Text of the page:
Trump Okay With Keeping Parts Of Obamacare Despite Calling It ‘Disaster’

AP

After railing against Obamacare as a “catastrophe” on the campaign trail, Donald Trump said that he is willing to keep parts of President Barack Obama’s signature healthcare law in place after conferring with him in the Oval Office.

Trump told the Wall Street Journal in a Friday interview that he wants to keep the prohibition against insurers denying coverage because of patients pre-existing medical conditions, and allow children to stay on their parents’ health insurance plans until they’re 26.

“I like those very much,” he said.

The President-elect had no such kind words about the Affordable Care Act as a candidate, insisting that a failure to “repeal and replace” the law “will destroy American health care forever.”

As TPM previously reported, Republicans will not be able to repeal the law full-stop despite their control of both branches of Congress because they lack the 60 votes to overcome a Senate filibuster. They will, however, be able to rely on the budget reconciliation process, which only requires 50 votes, to strip funding for the law’s Medicaid expansion program, insurance subsidies, and tax penalty mandate.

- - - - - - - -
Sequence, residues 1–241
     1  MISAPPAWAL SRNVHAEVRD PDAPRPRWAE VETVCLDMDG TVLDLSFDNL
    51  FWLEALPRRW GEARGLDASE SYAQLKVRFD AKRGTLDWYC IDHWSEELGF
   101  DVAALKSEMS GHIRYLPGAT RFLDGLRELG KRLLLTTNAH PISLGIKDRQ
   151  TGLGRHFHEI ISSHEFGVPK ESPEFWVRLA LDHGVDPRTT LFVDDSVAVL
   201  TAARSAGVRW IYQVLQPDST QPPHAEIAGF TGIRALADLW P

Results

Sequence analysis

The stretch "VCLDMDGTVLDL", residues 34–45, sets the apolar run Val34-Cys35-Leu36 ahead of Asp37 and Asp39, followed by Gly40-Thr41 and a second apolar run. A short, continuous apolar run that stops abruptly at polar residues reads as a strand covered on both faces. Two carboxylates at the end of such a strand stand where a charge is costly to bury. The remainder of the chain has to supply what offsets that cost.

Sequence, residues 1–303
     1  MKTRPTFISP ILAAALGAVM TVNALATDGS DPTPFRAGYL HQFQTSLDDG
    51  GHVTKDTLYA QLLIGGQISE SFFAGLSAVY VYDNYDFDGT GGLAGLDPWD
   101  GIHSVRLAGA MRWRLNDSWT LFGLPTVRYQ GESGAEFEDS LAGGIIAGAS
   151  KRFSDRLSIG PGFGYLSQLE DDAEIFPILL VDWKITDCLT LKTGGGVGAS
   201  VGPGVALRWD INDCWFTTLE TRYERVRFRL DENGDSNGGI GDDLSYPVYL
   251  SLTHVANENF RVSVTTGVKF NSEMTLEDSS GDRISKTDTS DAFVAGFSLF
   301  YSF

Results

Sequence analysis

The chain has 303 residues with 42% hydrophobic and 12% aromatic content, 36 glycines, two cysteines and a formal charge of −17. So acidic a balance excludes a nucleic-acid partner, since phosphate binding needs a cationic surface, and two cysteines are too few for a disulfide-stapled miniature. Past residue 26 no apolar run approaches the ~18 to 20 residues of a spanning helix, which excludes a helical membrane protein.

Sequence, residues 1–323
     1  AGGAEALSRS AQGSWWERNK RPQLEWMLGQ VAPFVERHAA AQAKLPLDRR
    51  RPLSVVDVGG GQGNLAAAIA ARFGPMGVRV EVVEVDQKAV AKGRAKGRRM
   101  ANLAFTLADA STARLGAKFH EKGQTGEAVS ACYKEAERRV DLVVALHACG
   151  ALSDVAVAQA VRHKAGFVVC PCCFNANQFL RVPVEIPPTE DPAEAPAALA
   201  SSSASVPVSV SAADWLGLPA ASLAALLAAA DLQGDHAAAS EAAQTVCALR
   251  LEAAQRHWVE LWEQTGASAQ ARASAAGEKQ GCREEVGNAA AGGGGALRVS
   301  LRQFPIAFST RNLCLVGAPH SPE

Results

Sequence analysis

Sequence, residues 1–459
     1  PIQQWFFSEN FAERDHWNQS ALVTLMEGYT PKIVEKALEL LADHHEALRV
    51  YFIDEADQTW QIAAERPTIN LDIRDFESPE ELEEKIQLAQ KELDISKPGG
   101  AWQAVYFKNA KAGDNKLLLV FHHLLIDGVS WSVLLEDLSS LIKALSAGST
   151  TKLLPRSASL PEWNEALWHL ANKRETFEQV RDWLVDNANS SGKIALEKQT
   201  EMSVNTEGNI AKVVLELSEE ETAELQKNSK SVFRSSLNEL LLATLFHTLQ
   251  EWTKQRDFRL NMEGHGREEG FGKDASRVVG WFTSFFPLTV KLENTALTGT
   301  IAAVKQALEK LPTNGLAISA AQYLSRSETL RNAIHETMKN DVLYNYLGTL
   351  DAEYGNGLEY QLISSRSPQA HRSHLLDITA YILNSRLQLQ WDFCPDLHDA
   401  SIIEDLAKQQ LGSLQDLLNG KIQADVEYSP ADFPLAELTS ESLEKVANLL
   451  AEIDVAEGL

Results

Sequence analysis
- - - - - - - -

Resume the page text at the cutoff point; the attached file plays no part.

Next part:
Both of the conditions that Trump wants to preserve, which are non-budgetary, would continue to stand. House Speaker Paul Ryan (R-WI) included both in his “Better Way” agenda.

This off-kilter system would strip away the incentives Obamacare put in place to push Americans to sign up for health insurance, and leave millions without coverage.

Still, Trump’s comments reflect a remarkable shift from his calls to repeal the law outright. He told the Wall Street Journal his conversation with the president prompted his softer stance.

“I told him I will look at his suggestions, and out of respect, I will do that,” he said. “Either Obamacare will be amended, or repealed and replaced.”

In addition to moving “quickly” on Obamacare, Trump said other priorities include deregulating financial institutions, securing the border, and easing the tensions sparked by the bellicose campaign he waged through his plan to “bring in jobs.”

Asked if his rhetoric went too far during the election, the President-elect said, “No. I won.”

ABOUT THE AUTHOR

Allegra Kirkland is a New York-based reporter for Talking Points Memo. She previously worked on The Nation’s web team and as the associate managing editor for AlterNet. Follow her on Twitter @allegrakirkland.

LIKE US ON FACEBOOK